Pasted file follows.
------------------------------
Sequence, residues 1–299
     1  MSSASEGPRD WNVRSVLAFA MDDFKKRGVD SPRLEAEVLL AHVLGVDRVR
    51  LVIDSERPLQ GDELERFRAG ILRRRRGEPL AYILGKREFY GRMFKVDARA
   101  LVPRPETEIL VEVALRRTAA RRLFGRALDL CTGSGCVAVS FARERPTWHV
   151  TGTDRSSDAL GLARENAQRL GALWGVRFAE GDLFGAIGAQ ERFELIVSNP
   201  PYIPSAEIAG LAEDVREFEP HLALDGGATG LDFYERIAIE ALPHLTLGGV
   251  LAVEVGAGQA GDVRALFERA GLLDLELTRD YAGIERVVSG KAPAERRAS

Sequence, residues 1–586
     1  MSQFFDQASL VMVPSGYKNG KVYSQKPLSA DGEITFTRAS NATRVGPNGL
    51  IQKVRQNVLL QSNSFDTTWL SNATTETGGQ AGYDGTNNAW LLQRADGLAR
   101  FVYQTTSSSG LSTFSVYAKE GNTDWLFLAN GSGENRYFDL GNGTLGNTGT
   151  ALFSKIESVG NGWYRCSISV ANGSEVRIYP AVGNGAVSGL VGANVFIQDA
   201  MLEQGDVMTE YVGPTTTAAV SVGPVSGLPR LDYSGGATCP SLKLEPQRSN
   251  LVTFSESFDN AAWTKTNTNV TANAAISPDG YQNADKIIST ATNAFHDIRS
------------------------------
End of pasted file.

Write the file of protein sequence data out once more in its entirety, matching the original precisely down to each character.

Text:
Sequence, residues 1–299
     1  MSSASEGPRD WNVRSVLAFA MDDFKKRGVD SPRLEAEVLL AHVLGVDRVR
    51  LVIDSERPLQ GDELERFRAG ILRRRRGEPL AYILGKREFY GRMFKVDARA
   101  LVPRPETEIL VEVALRRTAA RRLFGRALDL CTGSGCVAVS FARERPTWHV
   151  TGTDRSSDAL GLARENAQRL GALWGVRFAE GDLFGAIGAQ ERFELIVSNP
   201  PYIPSAEIAG LAEDVREFEP HLALDGGATG LDFYERIAIE ALPHLTLGGV
   251  LAVEVGAGQA GDVRALFERA GLLDLELTRD YAGIERVVSG KAPAERRAS

Sequence, residues 1–586
     1  MSQFFDQASL VMVPSGYKNG KVYSQKPLSA DGEITFTRAS NATRVGPNGL
    51  IQKVRQNVLL QSNSFDTTWL SNATTETGGQ AGYDGTNNAW LLQRADGLAR
   101  FVYQTTSSSG LSTFSVYAKE GNTDWLFLAN GSGENRYFDL GNGTLGNTGT
   151  ALFSKIESVG NGWYRCSISV ANGSEVRIYP AVGNGAVSGL VGANVFIQDA
   201  MLEQGDVMTE YVGPTTTAAV SVGPVSGLPR LDYSGGATCP SLKLEPQRSN
   251  LVTFSESFDN AAWTKTNTNV TANAAISPDG YQNADKIIST ATNAFHDIRS